the university, earnestly soliciting that Mr. Broughton, notwithstanding his preferment at Durham, might still continue to hold his fellowship. The Earls of Huntingdon and Essex, at the same time, warmly espoused his. cause, and jointly addressed a letter, dated February 24, 1580, to the worthy chancellor, in his favour. The two noble persons speak in this letter in high commendation of Mr. Broughton's learning, obedience and circumspection; and. observe, that only want of maintenance in the university had induced him to accept of the above prebend, which, however, he was more willing to resign than lose his place in the university. " This," it is added," shewed the good mind that was in him."* Lord Burleigh addressed a letter, dated October 20, 1580, to Dr. Hatcher, the vice-chancellor, and Dr. Hawford, master of the college, in which he expresses with great warmth his disapprobation of their conduct, and the conduct of the fellows, in their unjust treatment of Mr. Broughton.t Therefore, after much opposition, he was, in 1581, by an order from this generous and worthy statesman, again admitted to his fellowship; though it docs not appear whether he returned any more to the college.f In the mean time he very generously resigned the office of taxcr of the university.%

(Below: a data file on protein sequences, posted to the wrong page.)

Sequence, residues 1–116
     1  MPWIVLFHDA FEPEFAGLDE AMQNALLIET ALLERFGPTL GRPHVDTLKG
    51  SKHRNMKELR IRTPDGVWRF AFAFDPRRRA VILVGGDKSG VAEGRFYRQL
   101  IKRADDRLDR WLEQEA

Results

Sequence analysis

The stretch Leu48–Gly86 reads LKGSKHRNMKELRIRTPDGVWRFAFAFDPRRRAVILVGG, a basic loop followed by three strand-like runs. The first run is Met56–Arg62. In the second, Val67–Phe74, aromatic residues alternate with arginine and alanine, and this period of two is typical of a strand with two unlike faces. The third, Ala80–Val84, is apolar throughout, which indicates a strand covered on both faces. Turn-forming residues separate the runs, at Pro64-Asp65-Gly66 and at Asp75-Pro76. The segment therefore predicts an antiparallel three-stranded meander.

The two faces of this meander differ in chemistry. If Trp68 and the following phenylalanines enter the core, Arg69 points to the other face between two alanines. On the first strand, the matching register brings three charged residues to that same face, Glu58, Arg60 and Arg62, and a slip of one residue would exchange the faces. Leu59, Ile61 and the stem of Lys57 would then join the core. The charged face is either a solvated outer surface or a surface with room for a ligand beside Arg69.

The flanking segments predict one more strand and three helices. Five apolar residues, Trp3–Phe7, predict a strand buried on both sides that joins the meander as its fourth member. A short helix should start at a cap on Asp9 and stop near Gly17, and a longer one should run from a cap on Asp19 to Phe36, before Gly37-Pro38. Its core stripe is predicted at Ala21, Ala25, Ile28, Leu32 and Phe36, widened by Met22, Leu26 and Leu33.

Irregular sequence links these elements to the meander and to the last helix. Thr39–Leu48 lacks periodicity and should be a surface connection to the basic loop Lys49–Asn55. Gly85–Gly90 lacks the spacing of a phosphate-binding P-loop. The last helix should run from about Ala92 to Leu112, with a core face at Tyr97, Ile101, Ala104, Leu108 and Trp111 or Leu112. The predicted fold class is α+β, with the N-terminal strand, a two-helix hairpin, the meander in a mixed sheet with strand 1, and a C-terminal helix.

. Mr. Broughton having left the university, removed to
London, where he had many worthy friends, among whom
were the two earls already mentioned; also Sir. Walter
Mildmay, and others. About the same time, he entered
upon the ministerial function; but still pursued his studies
with uncommon assiduity, usually spending fourteen or
sixteen hours a day in the most intense application. In his
preaching,' he commonly took a text out of the Old Testa-
ment, ana a parallel text out of the New Testament, and
discoursed pretty largely upon them in their connexion,
then concluded with a short and close application of the
doctrine. His preaching soon rendered him exceedingly
popular, and he was very much followed, particularly by
persons celebrated for learning. But that which rendered
him most known to the world was the publication of his
book, entitled," A Consent of Scriptures." It was the fruit
of immense labour and stud}', and is a kind of system of